(Sisters in the Brotherhoods: Working Women Organizing for Equality: Many blue-collar arenas remain contested terrain for females. Women still struggle to get training, to get jobs, and to secure a harassment-free workplace. Despite the efforts of the pioneering generation, females still enter these jobs one by one and two by two and only against great odds do they remain there. These oral histories explore the achievements of the women who made history simply by going to work every day.)

    October 19
    The National Association of Letter Carriers achieves equalization of wages for all letter carriers, meaning city delivery carriers began receiving the same wages regardless of the size of the community in which they worked – 1949

    The J.P. Stevens textile company is forced to sign its first union contract after a 17-year struggle in North Carolina and other southern states - 1980
     
    October 20
    Eugene V. Debs, U.S. labor leader and socialist, dies in Elmhurst, Ill. Among his radical ideas: an 8-hour workday, pensions, workman's compensation, sick leave and social security. He ran for president from a jail cell in 1920 and got a million votes - 1926
     
    Hollywood came under scrutiny as the House Un-American Activities Committee (HUAC) opened hearings into alleged Communist influence within the motion picture industry. Dozens of union members were among those blacklisted as a result of HUAC’s activities - 1947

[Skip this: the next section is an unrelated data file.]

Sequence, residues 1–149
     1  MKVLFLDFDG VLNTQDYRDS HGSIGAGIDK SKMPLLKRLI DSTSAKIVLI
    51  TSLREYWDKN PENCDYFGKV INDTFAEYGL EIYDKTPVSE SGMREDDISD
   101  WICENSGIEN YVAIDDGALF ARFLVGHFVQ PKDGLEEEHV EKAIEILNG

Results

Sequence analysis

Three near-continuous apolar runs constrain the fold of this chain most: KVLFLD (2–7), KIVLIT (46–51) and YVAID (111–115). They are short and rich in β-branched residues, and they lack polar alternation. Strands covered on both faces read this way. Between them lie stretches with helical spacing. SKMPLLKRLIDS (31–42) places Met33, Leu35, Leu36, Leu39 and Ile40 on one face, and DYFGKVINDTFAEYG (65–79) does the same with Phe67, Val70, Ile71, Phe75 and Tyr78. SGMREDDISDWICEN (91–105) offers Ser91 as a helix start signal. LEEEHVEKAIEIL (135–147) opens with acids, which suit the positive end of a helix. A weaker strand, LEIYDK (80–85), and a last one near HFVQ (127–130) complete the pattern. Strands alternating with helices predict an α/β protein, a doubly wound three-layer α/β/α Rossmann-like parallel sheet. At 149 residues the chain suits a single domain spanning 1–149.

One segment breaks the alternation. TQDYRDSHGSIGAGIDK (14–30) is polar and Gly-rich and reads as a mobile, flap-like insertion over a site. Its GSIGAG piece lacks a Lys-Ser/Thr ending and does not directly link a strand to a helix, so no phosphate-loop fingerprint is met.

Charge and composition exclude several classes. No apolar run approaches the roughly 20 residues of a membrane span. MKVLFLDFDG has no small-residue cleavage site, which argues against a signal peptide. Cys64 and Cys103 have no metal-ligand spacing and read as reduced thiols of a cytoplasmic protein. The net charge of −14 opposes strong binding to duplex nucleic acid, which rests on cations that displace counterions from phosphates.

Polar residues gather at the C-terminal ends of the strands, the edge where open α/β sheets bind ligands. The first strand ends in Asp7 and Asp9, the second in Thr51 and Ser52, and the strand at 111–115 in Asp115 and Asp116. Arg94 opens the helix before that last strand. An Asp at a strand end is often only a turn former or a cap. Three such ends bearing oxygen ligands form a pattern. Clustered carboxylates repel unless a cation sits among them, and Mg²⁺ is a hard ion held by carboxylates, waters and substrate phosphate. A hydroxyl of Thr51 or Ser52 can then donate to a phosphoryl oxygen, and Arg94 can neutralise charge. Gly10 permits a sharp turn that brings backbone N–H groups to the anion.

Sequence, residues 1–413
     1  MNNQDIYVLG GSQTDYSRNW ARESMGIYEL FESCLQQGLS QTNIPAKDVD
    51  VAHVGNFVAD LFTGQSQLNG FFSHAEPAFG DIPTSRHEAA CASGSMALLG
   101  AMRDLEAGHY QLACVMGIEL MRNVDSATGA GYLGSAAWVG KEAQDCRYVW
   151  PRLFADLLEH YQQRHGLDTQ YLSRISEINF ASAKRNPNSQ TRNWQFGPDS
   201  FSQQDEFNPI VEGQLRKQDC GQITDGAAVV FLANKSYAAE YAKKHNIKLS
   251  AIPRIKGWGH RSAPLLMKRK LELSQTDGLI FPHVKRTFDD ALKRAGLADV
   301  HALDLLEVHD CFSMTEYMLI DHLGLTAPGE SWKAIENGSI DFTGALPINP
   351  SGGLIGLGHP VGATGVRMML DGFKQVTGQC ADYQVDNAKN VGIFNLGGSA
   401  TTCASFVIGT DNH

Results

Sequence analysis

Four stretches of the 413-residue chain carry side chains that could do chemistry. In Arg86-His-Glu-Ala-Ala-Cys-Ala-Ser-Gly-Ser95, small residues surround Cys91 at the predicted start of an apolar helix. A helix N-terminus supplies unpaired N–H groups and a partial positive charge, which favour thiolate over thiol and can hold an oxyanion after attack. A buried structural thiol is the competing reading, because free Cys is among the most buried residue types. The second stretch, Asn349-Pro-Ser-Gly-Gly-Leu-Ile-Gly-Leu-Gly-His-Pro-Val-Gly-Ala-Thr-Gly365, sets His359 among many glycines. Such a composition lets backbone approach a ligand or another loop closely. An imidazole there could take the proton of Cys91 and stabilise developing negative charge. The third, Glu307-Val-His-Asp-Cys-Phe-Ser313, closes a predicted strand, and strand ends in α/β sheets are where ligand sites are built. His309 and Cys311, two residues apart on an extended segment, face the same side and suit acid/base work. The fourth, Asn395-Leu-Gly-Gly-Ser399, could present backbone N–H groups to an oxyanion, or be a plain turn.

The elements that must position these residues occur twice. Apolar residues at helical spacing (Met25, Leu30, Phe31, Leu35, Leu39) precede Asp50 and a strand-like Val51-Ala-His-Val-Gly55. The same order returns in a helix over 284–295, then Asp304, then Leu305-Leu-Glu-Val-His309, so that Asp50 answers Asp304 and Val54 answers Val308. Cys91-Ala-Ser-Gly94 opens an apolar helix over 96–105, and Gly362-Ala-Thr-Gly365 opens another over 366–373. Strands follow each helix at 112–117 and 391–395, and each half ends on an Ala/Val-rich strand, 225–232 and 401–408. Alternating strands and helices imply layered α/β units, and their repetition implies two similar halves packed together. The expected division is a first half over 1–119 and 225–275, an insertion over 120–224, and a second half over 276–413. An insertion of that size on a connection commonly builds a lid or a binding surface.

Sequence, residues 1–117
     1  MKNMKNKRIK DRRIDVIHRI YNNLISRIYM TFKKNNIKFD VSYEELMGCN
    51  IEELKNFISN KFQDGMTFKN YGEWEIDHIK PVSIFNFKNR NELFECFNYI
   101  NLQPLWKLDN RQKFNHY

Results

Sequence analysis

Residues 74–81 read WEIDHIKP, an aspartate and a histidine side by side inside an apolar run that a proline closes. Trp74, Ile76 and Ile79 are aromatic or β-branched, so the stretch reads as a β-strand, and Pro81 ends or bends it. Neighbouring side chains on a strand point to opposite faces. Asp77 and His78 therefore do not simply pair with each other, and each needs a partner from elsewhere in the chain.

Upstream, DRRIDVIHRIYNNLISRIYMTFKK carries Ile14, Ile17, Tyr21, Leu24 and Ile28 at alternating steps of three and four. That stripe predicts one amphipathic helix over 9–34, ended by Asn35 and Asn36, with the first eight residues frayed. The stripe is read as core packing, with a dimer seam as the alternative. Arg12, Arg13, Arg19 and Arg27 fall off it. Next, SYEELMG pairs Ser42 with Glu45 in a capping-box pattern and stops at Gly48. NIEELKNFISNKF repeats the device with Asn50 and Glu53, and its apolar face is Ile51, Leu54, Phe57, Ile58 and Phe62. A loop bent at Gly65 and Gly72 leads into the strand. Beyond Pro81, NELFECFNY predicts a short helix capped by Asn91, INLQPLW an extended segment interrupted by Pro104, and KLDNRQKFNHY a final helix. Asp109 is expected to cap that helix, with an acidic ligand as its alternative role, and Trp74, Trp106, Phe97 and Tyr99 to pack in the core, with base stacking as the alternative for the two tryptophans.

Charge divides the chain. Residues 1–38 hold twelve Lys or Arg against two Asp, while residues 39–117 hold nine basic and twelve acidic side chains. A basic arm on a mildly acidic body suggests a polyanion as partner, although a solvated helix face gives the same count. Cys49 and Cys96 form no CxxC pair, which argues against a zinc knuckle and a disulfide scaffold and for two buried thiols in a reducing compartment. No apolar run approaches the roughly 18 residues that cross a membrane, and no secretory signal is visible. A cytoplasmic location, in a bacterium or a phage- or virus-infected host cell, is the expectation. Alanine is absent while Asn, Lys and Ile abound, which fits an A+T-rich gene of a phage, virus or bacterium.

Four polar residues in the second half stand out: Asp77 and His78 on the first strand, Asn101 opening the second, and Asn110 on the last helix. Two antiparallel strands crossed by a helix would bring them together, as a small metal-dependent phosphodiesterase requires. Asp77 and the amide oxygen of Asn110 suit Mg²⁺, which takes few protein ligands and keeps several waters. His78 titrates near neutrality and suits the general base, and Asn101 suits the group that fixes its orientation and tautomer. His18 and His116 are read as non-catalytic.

Presidential candidate Ronald Reagan writes to PATCO President Robert Poli with this promise: if the union endorses Reagan, "I will take whatever steps are necessary to provide our air traffic controllers with the most modern equipment available and to adjust staff levels and work days so that they are commensurate with achieving a maximum degree of public safety." He got the endorsement. Nine months after the election, he fires the air traffic controllers for engaging in an illegal walkout over staffing levels and working conditions - 1980
     
    Death of Merle Travis, songwriter and performer who wrote "Sixteen Tons" and "Dark as a Dungeon" – 1983

    Two track workers are killed in a (San Francisco) Bay Area Rapid Transit train accident.  Federal investigators said the train was run by a BART employee who was being trained as an operator as members of the Amalgamated Transit Union were participating in what was to be a four-day strike - 2013

    October 21
    Wisconsin dairy farmers begin their third strike of the year in an attempt to raise the price of milk paid to producers during the Great Depression.  Several creameries were bombed before the strike ended a month later. The economy eventually improved, allowing the farmers to make more money - 1933
     
    October 22
    Bank robber Charles Arthur "Pretty Boy" Floyd is killed by FBI agents near East Liverpool, Ohio. He was a hero to the people of Oklahoma who saw him as a "Sagebrush Robin Hood," stealing from banks and sharing some of the proceeds with the poor - 1934

    - compiled/edited by David Prosten at Union Communication Services